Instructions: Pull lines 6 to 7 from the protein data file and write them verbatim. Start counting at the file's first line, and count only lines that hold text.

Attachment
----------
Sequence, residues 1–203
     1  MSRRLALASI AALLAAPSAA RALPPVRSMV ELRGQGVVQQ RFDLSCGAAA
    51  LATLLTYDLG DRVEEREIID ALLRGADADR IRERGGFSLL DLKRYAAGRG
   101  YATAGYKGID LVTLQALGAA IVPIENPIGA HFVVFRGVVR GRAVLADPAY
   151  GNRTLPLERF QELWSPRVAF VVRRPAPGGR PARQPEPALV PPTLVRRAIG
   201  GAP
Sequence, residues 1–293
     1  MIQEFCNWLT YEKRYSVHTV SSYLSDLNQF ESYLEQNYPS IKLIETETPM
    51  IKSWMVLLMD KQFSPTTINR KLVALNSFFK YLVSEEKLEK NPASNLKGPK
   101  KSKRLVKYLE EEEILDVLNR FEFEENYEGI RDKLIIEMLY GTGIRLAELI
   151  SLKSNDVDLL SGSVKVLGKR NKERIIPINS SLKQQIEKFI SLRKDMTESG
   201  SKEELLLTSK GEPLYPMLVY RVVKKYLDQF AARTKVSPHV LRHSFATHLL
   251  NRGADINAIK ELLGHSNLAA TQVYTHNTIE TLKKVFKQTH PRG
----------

   201  GAP
Sequence, residues 1–293